Tuesday, 10 December 2019

Questions (482, 483)

Carol Nolan

Question:

482. Deputy Carol Nolan asked the Minister for Agriculture, Food and the Marine the reason for the delay for the renewal and extension of tree felling licences; and if he will make a statement on the matter. [51484/19]

View answer

Carol Nolan

Question:

483. Deputy Carol Nolan asked the Minister for Agriculture, Food and the Marine if registered companies and sawmills involved in tree felling will be granted extended licences; and if he will make a statement on the matter. [51485/19]

View answer

Written answers (Question to Agriculture)

I propose to take Questions Nos. 482 and 483 together.

Tree felling licences issued under the Forestry Act, 2014 may have a duration of up to 10 years and may cover several operations, such as thinning followed by clear fell in later years. Licences issued under the Act may be extended for up to a further five years, beyond the initial validity period. Tree felling licences are issued for the benefit of the applicant i.e. the forest owner and not a forestry company or saw mill.

I accept that delays in issuing licences can impact forestry companies in terms of clear-fell and harvesting work and sawmills in terms of a supply of raw material. I acknowledge that changes made to internal Appropriate Assessment Procedures (AAP) has resulted in delays to many files, which is beyond my Department’s control.

Officials are obliged to implement changes to AAP that were required following important Court of Justice of the European Union (CJEU) decisions and their subsequent interpretation by the Forestry Appeals Committee (FAC) and others. These changes have been implemented, but it will take time to work through the backlog created, while new procedures were developed.

All forestry licences issued by the Department undergo a legal consent process. Since 2017, all forestry licence applications received have been subject to a statutory public notification system and are subject to a statutory appeal system operated by the FAC.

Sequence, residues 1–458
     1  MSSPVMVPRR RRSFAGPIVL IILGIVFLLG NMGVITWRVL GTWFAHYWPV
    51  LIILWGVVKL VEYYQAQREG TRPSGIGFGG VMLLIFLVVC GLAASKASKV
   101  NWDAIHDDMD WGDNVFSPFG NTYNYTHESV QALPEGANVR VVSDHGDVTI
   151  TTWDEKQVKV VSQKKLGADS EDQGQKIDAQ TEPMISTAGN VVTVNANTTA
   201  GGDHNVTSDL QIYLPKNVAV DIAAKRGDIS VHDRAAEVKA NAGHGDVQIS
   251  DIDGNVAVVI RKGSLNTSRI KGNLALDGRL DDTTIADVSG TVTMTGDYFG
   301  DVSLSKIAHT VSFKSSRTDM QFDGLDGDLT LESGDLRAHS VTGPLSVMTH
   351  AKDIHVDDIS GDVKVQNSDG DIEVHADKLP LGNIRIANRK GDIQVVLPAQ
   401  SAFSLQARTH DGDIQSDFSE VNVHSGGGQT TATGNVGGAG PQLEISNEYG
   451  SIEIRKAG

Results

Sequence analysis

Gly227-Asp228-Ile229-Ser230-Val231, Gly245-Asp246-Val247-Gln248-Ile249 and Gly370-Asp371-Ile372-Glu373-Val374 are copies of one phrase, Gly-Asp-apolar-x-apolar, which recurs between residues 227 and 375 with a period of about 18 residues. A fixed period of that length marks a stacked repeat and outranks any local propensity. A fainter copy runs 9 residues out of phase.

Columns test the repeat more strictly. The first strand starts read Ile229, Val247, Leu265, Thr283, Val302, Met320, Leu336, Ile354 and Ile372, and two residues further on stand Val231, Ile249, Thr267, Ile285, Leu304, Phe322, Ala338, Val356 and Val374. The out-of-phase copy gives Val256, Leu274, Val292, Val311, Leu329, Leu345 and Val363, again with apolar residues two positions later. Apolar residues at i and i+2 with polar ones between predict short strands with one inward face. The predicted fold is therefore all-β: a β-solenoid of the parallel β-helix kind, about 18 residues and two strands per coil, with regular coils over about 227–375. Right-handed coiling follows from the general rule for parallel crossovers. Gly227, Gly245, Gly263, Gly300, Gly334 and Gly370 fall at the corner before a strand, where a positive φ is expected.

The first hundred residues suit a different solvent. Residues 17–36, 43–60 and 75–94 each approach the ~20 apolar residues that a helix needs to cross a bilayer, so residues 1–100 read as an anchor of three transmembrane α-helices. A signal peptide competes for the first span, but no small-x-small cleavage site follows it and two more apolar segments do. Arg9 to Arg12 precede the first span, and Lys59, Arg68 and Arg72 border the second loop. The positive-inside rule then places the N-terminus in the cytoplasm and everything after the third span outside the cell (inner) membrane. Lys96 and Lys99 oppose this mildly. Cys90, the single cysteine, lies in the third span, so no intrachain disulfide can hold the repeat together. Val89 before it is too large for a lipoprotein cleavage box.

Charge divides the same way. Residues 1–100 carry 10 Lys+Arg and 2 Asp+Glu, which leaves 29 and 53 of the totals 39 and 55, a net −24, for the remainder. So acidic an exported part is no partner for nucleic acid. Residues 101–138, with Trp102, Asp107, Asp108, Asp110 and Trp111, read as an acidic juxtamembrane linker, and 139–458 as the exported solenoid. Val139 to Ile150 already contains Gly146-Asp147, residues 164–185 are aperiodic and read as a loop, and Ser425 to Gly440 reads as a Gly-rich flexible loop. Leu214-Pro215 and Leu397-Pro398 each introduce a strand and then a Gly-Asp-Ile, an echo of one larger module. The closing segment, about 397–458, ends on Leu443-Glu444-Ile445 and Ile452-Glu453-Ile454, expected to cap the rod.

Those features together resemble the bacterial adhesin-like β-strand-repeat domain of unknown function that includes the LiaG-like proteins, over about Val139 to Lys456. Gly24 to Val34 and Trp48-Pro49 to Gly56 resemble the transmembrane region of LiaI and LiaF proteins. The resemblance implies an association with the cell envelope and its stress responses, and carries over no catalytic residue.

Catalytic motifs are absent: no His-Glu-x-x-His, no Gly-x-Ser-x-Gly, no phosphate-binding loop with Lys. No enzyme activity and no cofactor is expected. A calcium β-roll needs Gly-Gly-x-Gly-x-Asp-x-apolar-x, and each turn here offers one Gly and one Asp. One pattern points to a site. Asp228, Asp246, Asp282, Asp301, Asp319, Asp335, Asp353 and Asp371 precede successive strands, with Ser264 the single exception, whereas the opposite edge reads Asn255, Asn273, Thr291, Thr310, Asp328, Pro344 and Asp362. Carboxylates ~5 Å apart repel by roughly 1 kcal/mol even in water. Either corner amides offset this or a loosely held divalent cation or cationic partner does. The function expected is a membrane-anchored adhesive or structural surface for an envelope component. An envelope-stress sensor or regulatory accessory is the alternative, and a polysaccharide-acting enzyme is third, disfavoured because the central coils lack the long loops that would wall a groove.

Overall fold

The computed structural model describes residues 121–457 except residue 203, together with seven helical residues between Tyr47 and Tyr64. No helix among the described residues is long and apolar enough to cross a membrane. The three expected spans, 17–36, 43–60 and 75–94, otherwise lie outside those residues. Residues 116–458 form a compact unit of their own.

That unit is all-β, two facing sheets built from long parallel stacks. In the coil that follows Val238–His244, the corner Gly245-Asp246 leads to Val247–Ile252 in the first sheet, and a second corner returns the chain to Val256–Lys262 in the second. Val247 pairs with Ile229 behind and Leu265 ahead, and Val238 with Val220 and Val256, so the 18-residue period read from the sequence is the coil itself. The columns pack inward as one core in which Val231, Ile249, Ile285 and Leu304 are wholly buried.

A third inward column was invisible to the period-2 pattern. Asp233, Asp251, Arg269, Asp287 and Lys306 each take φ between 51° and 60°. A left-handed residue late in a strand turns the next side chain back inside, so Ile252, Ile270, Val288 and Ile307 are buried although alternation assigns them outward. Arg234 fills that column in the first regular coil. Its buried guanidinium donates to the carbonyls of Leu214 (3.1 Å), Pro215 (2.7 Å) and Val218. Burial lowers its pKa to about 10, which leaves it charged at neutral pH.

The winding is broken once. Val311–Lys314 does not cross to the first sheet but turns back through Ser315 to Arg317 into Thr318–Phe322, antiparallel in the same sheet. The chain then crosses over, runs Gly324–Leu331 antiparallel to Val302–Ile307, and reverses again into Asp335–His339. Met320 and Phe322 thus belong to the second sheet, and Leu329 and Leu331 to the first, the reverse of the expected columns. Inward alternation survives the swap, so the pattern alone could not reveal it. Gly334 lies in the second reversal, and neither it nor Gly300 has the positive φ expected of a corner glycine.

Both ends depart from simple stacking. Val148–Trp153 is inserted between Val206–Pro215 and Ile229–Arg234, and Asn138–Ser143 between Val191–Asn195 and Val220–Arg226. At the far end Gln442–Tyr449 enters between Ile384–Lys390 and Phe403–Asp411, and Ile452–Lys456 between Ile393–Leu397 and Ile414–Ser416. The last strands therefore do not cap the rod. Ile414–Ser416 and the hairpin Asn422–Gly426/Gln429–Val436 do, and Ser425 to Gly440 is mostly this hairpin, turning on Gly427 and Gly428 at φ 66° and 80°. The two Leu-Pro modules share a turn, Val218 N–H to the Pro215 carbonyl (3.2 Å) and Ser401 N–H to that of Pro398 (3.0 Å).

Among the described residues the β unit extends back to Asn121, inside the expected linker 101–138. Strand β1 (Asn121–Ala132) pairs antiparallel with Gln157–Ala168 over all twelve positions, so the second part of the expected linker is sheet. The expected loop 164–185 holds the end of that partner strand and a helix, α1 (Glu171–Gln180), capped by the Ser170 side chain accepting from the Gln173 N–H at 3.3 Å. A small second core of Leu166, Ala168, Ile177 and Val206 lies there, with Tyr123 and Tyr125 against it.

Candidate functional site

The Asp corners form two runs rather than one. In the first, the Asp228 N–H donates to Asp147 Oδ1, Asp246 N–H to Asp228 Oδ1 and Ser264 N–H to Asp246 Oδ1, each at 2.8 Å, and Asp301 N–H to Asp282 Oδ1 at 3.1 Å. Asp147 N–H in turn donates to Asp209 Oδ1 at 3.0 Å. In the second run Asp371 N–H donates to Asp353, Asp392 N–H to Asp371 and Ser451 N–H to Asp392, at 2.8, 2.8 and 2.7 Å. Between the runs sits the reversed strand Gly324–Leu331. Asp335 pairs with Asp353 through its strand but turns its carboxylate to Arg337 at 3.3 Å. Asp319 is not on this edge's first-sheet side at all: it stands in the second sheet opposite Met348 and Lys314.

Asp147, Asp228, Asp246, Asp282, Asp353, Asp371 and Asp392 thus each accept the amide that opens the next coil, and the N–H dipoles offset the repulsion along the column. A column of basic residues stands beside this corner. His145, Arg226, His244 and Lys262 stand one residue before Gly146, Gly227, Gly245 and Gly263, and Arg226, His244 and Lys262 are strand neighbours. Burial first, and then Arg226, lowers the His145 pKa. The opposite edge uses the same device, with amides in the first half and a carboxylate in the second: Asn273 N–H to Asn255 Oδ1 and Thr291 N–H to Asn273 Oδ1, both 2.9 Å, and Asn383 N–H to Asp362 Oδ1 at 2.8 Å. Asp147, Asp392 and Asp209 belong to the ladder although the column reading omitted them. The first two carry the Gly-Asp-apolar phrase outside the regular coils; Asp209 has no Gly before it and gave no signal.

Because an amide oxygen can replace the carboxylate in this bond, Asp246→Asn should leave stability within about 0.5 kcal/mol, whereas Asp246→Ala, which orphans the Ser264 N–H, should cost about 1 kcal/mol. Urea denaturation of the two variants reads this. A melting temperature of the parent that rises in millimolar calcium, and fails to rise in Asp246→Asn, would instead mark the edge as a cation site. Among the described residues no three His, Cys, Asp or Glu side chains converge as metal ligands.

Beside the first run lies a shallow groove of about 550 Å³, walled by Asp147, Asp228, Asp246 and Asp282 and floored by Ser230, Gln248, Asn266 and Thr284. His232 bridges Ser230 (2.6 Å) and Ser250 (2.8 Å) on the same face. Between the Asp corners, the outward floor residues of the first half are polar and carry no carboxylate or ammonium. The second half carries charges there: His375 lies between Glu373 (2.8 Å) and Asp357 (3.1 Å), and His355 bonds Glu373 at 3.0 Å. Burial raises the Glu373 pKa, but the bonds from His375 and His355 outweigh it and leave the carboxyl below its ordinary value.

Most appeals have been in connection with our Appropriate Assessment (AA) procedures. The Habitats Directive (Article 6.3) requires that where a plan or project is likely to have a significant effect on a Natura site, either individually or in-combination with other plans or projects, it must undergo an appropriate assessment of its implications for that Natura site.

AA procedures have been amended to introduce a robust and workable system which will address the issues now faced. Introducing this system involved the recruitment of additional ecological expertise and changes in procedures for the forestry inspectorate. Interviews are taking place for additional ecologists under a recently advertised competition. I expect the successful candidates will be deployed early in the new year. Forestry district inspectors have undergone training and are continuing to receive support in delivering the new procedures. A categorisation of files affected by these requirements is underway in order to best assess further action needed and by whom. Officials of my Department have met bilaterally with forestry companies, to examine the applications on hand and to assess their backlogs with a view to moving applications forward.

The Deputy should be aware that notwithstanding the above, my Department has issued over 3,900 tree felling licences so far this year.